In the agricultural use, the foam is dispensed at the end of the sprayer to mark each pass through the field.

Preferably, the pumps 14, 16 are adjustable peristaltic pumps which dynamically meter and inject the water and foam concentrate, respectively, into the mixing chamber 18. Other positive or semi-positive displacement pumps, such as a diaphragm pump, or metering devices could also be used. Operation of the water pump 16 is controlled by a master control 26. Operation of the concentrate pump 16 is controlled by a secondary or slave control 28 depending from the master control 26. Preferably, each of the master and slave controls 26, 28 include a pulse width modulation speed control circuit. Both circuits can be varied by means of potentiometers. As an alternative to the pulse width modulators, rheostats can be used, with the master control rheostat generating an input signal for both the water pump 14 and the slave control 28 which controls the foam concentrate pump 14. The output from the master control 26 is split so as to provide power to the water pump 14, as indicated by line 30 in FIG. 1, and to provide input to the slave control 28, as represented by line 32 in FIG. 1. The slave control 28 provides input to the concentrate pump, as represented by line 33 in FIG. 1.

Thus, while the mix ratio of water and foam concentrate can be selectively varied by the operator, once the ratio is set, the system will maintain the selected ratio, regardless of the volume output from the foam generation chamber 22. Accordingly, a desired quality of foam can be applied, regardless of changing variables, such as foam volume, and ambient temperature. For example, as the air temperature increases, the operator can increase the ratio of the foam concentrate to water, which increases the length of time that the generated foam remains visible.

From the remote operator's seat in the vehicle or tractor pulling the sprayer, the operator can actuate a power source 34 to provide power to the system. The operator can observe the foam and make adjustments in the mix ratio on the go from the cab of the vehicle, as needed, to achieve the desired foam quality and consistency.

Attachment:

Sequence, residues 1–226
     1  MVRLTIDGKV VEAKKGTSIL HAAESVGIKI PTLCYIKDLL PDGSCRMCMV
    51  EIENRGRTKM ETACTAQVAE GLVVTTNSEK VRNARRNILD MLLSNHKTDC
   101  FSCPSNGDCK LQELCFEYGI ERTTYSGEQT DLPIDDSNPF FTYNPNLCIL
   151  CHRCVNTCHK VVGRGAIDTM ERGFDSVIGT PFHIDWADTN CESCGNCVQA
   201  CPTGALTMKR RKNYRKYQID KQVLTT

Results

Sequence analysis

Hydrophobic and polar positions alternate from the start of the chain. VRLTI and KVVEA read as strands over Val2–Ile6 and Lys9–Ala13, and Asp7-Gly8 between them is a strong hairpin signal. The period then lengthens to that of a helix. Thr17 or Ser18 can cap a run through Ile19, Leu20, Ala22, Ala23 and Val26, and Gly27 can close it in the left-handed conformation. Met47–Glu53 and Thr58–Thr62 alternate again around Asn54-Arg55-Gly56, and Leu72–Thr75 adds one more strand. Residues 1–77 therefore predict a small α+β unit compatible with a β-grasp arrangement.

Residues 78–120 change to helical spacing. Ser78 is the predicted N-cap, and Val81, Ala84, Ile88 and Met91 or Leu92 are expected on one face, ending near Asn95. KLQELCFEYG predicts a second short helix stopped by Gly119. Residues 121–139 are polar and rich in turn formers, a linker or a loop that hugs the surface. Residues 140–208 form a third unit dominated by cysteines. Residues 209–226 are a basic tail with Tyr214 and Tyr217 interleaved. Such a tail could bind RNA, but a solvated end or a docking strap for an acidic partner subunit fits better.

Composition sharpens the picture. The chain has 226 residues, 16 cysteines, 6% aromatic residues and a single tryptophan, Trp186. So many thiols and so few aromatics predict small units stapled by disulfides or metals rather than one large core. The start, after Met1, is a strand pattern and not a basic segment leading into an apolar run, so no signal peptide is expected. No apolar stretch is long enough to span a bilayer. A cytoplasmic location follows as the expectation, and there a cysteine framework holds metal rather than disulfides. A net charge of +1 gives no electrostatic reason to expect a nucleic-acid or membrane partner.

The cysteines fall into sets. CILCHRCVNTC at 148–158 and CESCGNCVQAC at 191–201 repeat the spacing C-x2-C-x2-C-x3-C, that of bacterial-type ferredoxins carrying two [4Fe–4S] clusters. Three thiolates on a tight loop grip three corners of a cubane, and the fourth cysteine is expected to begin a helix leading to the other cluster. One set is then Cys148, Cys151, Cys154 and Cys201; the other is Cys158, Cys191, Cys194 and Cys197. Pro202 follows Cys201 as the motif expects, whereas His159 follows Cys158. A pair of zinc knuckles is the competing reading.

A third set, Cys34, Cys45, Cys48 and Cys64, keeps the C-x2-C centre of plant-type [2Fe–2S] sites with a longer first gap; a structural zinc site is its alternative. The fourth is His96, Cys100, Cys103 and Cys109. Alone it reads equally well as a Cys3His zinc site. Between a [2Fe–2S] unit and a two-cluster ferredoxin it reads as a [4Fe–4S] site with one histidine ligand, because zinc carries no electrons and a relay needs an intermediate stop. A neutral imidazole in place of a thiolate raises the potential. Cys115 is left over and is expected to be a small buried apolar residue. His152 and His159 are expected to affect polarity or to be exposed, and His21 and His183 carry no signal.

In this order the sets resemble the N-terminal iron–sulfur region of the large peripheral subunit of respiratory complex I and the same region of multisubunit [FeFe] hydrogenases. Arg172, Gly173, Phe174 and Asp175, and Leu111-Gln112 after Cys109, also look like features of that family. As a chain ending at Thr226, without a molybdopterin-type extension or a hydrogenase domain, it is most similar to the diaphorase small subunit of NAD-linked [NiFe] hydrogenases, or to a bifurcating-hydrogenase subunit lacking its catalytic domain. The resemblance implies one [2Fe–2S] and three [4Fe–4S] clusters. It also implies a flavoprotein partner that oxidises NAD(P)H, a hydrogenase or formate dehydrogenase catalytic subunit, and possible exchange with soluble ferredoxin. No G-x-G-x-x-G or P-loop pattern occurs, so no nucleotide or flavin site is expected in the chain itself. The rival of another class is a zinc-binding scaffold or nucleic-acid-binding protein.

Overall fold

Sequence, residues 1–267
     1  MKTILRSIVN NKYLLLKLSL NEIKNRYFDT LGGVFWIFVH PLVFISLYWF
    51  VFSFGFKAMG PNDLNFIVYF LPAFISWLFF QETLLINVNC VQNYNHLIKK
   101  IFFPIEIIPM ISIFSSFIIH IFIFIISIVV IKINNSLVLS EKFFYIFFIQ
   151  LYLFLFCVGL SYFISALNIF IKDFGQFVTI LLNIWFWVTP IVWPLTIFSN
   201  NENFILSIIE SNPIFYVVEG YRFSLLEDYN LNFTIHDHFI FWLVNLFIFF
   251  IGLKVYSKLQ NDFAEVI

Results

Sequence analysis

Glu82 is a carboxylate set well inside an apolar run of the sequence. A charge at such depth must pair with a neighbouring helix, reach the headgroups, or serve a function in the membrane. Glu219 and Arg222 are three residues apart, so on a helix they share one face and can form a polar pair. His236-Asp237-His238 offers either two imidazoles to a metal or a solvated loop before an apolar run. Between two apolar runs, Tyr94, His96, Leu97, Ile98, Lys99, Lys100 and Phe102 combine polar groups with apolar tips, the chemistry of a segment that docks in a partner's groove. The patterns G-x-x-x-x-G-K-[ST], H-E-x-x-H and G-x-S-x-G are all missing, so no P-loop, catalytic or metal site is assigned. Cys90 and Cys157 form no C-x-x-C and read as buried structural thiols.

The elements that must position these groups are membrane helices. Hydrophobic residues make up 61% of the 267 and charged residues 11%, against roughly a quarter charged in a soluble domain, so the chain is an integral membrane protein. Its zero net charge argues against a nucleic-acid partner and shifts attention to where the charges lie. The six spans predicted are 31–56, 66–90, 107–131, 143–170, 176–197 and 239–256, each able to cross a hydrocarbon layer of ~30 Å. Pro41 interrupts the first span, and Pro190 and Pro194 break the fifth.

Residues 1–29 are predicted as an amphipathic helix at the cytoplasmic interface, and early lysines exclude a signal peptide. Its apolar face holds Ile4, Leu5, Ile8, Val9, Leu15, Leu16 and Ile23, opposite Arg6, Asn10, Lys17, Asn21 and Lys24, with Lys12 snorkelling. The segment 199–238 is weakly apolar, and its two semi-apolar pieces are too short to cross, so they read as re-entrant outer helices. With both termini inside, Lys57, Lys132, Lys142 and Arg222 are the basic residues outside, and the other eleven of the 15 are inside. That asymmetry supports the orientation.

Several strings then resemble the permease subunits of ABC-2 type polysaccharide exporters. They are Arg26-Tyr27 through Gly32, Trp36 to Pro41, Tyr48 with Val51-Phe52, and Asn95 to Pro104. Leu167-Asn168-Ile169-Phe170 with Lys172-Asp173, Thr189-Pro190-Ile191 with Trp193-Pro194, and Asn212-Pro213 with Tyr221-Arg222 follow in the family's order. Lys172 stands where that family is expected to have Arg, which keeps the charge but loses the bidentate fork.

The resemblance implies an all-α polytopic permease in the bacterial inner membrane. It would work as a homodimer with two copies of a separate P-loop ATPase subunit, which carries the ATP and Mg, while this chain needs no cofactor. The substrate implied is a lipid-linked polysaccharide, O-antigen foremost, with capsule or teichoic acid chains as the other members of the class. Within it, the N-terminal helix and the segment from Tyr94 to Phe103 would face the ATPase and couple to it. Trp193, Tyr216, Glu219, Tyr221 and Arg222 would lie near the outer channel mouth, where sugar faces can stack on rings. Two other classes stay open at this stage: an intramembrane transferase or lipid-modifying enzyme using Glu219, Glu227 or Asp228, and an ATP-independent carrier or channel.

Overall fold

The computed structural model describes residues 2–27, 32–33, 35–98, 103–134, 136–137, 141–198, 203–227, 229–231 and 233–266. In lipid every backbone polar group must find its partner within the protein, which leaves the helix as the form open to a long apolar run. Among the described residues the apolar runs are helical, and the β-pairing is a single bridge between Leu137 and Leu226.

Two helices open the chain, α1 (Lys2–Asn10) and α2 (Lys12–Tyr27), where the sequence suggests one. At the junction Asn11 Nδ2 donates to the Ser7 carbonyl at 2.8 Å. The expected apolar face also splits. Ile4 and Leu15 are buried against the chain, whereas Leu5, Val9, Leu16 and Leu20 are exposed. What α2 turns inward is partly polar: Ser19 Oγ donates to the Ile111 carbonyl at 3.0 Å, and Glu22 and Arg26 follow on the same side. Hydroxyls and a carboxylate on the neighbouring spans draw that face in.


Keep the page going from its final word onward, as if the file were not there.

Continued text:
Accordingly, with the foam marking system of the present invention, both the foam output and the mix ratio can be adjusted, with the mix ratio being integrated with the foam output control so as to maintain a linear relationship between the water and foam concentrate at all foam output levels. The system allows the operator to precisely tune the marking system to specific applications, while eliminating the foam mixing variables, such as ambient temperature, water temperature, water hardness, and foam concentration. Therefore, the spraying operation can be operated without interruption while the operator makes adjustments to the foam marking system.

FIG. 2 is a schematic view showing one embodiment of the circuitry for the liquid components for the foam marking system of the present invention. More particularly, the liquid circuitry includes conventional bulk head unions 40 for the fluid lines 13A, 13B, 15A, and 15B. Conventional tube stems 42 may be provided for facilitating the connection of fluid lines 13A, 15A to the bulk head unions 40. Bulk head unions 44 are provided for the fluid lines 20. As shown in FIG. 2, the mixing reservoir 18 has two outputs leading to dual foam generating chambers 22 via lines 20. The dual foam generating chambers 22 may be located at opposite ends of a spray boom. Conventional check valves 46 are provided in the fluid lines 20. Conventional tube clamps 48 are also provided on lines 13A, 13B, 15A, 15B, as shown in FIG. 2.